It's getting down to the wire. Ironman Arizona is only 7 weeks away now. I decided it was time for a weekend of "race simulation" training. I took a trip out to Borrego Springs this weekend for some good, old-fashioned desert training. In addition, the weather in San Diego was forecasted to be gray and rainy. Borrego Springs? Sunny and 70. It was a no-brainer.
Borrego Springs is nestled in the Anza-Borrego Desert, 30 miles west of the Salton Sea, south of Palm Springs, just north of Julian. It's less than 2 hours from San Diego and since there are no major highways that lead directly into this area, it's definitely off the beaten path.
Julian is one of my favorite SD day trips, a little western mountain town (4000 feet) by Mt. Cuyamaca and Mt. Laguna. I always stop for apple pie at the Julian Pie Co., the best apple pie in the world, hands-down. This trip was no exception--after wolfing down a piece, I bought an entire pie to keep me company in the hotel room after my grueling training ride and run. It was cold and rainy in Julian, as usual, and was literally hiding in a cloud at the top of the mountain, giving it a mystical feel.
Saturday morning, we all gathered for the unofficial "Borrego Springs Century" I had mapped out. I was sort of nervous. 100 miles in the desert in the middle of nowhere--no aid stations, no support. I was unfamiliar with the area and the terrain and had dragged some buddies out to suffer with me. Not only did I have doubts about getting myself through the ride, but I was also nervous about getting everyone else through it safely as well. I kept my fears to myself, resolved myself to the ride, and we set out.
Pre-ride pic: Denise, Brent, Rachel, Desi, Eme, & John (left to right)
We set out at a conservative pace, heading to the Salton Sea. The air was dry, and the sun was out. I was able to ditch my arm and leg warmers for the first time all year. It felt wonderful. There was no wind to speak of, and the roads were open, flat, and wide.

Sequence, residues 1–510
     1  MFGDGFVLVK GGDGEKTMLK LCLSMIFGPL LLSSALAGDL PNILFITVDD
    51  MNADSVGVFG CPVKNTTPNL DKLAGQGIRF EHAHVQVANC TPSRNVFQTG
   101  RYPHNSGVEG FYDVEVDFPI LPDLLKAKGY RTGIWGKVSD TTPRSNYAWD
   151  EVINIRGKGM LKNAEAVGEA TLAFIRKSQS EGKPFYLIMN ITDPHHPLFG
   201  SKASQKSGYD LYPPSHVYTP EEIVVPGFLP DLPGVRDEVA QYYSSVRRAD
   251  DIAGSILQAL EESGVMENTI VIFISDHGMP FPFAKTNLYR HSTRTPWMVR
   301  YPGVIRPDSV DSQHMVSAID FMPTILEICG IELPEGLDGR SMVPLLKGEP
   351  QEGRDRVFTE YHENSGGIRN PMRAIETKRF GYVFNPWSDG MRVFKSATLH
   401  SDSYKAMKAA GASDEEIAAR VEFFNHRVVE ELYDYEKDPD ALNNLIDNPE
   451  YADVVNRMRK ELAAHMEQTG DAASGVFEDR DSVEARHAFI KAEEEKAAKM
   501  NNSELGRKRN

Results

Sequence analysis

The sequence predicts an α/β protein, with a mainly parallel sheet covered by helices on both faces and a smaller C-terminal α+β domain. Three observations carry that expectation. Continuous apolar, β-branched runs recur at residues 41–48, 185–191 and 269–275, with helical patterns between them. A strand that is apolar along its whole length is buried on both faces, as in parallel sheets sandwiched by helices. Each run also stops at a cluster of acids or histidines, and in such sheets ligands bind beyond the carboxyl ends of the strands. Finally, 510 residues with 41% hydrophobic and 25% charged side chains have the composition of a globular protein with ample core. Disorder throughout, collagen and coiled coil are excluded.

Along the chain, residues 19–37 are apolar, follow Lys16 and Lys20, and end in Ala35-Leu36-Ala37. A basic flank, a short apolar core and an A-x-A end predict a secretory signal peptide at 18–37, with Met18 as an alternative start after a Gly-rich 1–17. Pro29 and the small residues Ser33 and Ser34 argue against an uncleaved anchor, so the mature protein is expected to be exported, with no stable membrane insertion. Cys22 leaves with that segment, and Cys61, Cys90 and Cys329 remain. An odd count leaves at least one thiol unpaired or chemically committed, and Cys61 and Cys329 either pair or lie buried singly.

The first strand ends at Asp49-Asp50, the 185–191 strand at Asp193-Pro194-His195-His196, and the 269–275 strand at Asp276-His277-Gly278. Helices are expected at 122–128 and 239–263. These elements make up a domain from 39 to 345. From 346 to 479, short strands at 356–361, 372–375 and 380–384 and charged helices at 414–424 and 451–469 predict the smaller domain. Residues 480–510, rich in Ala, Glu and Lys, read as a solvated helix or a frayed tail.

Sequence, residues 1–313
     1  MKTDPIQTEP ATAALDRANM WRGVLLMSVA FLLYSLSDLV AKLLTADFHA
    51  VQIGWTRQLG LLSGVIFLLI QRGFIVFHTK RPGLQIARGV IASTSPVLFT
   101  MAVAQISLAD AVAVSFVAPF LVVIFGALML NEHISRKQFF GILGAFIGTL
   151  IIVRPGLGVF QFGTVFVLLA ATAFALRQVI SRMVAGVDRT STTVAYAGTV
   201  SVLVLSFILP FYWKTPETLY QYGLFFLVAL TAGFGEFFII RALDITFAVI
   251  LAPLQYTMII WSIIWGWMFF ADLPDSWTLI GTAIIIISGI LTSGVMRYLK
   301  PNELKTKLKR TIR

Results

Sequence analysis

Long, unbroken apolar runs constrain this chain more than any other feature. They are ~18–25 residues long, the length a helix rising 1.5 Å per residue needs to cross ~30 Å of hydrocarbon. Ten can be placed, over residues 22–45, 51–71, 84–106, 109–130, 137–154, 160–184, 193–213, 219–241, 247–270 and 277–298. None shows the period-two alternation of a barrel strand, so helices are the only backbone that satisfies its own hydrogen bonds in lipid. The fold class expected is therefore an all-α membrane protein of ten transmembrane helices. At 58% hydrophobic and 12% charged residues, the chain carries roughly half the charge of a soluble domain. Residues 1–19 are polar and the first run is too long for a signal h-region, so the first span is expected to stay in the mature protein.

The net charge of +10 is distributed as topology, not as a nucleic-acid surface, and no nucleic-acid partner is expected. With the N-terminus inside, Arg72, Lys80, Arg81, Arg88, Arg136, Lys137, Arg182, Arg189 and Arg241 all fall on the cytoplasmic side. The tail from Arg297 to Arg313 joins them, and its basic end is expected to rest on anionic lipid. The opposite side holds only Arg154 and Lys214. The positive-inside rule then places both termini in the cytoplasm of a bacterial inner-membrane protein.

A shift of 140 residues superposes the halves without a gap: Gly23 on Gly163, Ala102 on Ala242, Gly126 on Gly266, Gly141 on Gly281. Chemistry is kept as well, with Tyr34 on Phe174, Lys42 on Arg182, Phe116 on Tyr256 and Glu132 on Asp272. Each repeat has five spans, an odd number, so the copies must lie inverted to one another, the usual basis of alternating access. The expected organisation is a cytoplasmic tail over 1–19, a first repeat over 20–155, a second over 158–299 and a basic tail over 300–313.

The first 30 miles felt like a breeze. I was soft-pedaling at 20-25 mph. I knew we were either going downhill or had a tailwind. I prayed for the former, fearing the return. The desert stretched out on all sides to the horizon. Even after all the rainfall, I found the stark barrenness of the desert landscape intimidating. The desert was as green as it gets--small patches of brown-green grass; peppered with happy cacti. I relished in the tiny purple, white, and yellow wildflowers sparsely dotting the reddish dirt, thriving after such a wet winter.
Anza Borrego Desert
The enormous expanse of the blue sky enveloped us like a dome. I could feel the intense sunlight browning my skin, piercing easily through the thin air. I was thankful for my SPF 50 sunblock and sunglasses. Even though it was only 70 degrees, the sunlight felt hotter since the desert offered no shelter or respite from the sun's rays. I sipped eagerly from my aero bottle; I had been thirsty since arriving in Borrego last night; the arid climate sucking moisture from my skin, leaching it from my body. Unfortunately, I had mixed my sports drink at way too high a concentration and was getting big chunks of it in my water. This did not bode well.
We reached the first stop at mile 30 uneventfully at a conveniently-placed gas station in Salton City. I resisted the urge to down a few burritos at a stand outside the gas station. Not wise with a finicky stomach. After a brief potty break, we continued the final 2 miles to the banks of the Salton Sea. As we rode down from Borrego Springs, we could see the enormous body of water approaching from the distance. I could smell it before we reached it; the pungent odor of salt and sulfur burned my nostrils. It looked like we had stepped onto the sands of Dubai--the body of water stretched ominously for miles but the surrounding banks were completely barren and desolate. It literally looks like a dead sea. However, I did note the large numbers of birds floating on the water's surface and flying happily through the air.